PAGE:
I looked at the screen of my phone and sighed before slipping it into my shorts pocket. I smiled back at her. “There, happy?”
“It’s only a week,” she said before turning back around. “You’ll live, trust me.”
Easy for you to say, I thought, turning to look out the window. It was still raining. It was raining when our flight from Chicago landed in Albany and hadn’t let up for even a minute as we headed north. I pressed my forehead against the rain-spattered glass as the GPS gave my dad another direction and he headed up an off-ramp.
“It’s only about another half hour,” my dad said as he came to a stop at the top of the ramp, turning on his left-turn signal. He looked at me in the rearview mirror. “You’re not still nervous, are you?”
I bit my lower lip and didn’t respond.
“I think you’re worrying for nothing,” Mom said. “Nancy and Jerry and Lynda and David raised their kids right, just like we did with you.”
Easy for you to say, I thought, looking out the back window at the two other rental cars following us. You’re not gay, and you didn’t just come out to them all in an e-mail.
We’d been taking these joint family vacations my entire life—I couldn’t remember a summer when our three families hadn’t taken one of these trips together. When we were kids, we’d shared a cousin-like camaraderie and looked forward to seeing each other every summer. But now that we were teens, we were like five strangers with a shared past. The last few years, it seemed to take a few days before everyone stopped sulking about having to come and decided to make the best of the situation. By the end of the week, the old bonds would be strongly and firmly in place again, and there would be sad good-byes at the airport. For about a week or so after, there would be a lot of texting and e-mailing. Once we settled back into our real lives and routines again, the contact became rarer. Within a month it died down again to an occasional comment on Facebook.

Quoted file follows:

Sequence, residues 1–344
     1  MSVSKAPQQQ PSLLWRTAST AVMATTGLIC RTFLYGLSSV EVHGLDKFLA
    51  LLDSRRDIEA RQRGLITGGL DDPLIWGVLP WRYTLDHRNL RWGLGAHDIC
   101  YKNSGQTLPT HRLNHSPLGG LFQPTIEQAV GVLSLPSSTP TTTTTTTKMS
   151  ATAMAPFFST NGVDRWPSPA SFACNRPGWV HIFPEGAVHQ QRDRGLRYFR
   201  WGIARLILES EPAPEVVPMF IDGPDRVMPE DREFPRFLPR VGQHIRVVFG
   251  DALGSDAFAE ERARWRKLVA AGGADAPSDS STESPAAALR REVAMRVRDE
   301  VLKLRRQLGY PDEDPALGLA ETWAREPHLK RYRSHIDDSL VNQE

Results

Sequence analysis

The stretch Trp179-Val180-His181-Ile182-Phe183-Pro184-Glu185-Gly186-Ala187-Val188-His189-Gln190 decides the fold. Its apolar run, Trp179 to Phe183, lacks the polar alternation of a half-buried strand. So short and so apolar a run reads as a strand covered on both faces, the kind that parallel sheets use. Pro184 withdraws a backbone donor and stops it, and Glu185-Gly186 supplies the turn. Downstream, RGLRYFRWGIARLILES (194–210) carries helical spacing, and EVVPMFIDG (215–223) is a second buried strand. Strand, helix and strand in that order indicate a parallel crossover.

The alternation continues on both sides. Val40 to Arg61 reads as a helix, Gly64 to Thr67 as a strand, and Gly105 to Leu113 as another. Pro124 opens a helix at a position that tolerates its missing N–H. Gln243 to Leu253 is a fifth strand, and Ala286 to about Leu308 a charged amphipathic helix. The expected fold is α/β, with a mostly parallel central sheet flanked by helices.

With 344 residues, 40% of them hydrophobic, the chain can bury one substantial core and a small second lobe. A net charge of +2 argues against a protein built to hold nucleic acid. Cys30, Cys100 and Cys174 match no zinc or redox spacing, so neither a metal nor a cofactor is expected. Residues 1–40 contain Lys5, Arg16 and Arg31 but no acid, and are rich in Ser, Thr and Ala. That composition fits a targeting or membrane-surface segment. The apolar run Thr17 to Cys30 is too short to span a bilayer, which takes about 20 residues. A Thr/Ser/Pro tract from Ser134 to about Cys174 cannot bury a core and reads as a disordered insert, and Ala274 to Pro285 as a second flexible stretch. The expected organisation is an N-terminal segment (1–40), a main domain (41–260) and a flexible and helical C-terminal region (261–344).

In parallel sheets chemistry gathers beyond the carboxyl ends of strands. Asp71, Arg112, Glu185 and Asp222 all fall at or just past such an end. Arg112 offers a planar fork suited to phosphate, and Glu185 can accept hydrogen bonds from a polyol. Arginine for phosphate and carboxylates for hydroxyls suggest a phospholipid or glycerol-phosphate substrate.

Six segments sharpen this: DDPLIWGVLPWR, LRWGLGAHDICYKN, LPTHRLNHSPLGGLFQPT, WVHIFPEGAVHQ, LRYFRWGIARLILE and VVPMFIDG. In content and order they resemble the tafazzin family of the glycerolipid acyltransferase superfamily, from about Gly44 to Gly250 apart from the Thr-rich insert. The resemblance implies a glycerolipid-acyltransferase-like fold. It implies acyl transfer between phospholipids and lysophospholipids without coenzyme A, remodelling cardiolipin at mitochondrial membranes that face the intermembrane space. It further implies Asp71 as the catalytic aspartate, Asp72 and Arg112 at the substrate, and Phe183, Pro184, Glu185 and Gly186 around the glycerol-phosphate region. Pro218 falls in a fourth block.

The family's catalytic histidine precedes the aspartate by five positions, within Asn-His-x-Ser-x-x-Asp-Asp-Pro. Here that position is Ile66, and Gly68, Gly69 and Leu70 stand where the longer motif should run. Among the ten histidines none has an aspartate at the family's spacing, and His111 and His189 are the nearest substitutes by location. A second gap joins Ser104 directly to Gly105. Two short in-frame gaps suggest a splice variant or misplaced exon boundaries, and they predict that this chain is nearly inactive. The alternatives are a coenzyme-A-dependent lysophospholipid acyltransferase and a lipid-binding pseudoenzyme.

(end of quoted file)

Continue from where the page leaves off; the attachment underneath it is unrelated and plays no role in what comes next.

I was an only child, so it always seemed like I looked forward to the reunion more than the other four.
This year was different, though. This year, I’d dreaded coming, hadn’t wanted to leave our nice suburb of Chicago and spend a week with four almost-strangers my own age.
All I knew about their lives was gleaned from Facebook, which was hardly the best source for personal information.
One would never know from looking at my Facebook page, for example, that I was gay.
That first night at the Lodge, we all went down to North River, the nearest town, for a wonderful meal…and then came the big thrill of the evening: ghost hunting in a very old cemetery–one of the turn off roads was named CEMETERY ROAD, so we felt pretty confident there was a cemetery, and we were right. Maybe it was just us and we’d hyped ourselves up too much, but the cemetery was really spooky–there was also a low fog close to the ground that helped the atmosphere–and I felt myself drawn to a particular tombstone: ALBERT LINCOLN, who’d died at sixteen. “How sad, he was only sixteen. I wonder how he died?” I said out loud–and while I have never believed in the paranormal completely (too many questions that will never be answered) the strangest thing happened as soon as I finished speaking. I felt this overwhelming sense of sadness and melancholy, almost like my entire subconscious let out a sigh of incredible sadness. All the hair on my arms stood up, I got a cold chill–it was a muggy night–and I made sure to show this to some of my fellow ghost hunters to witness.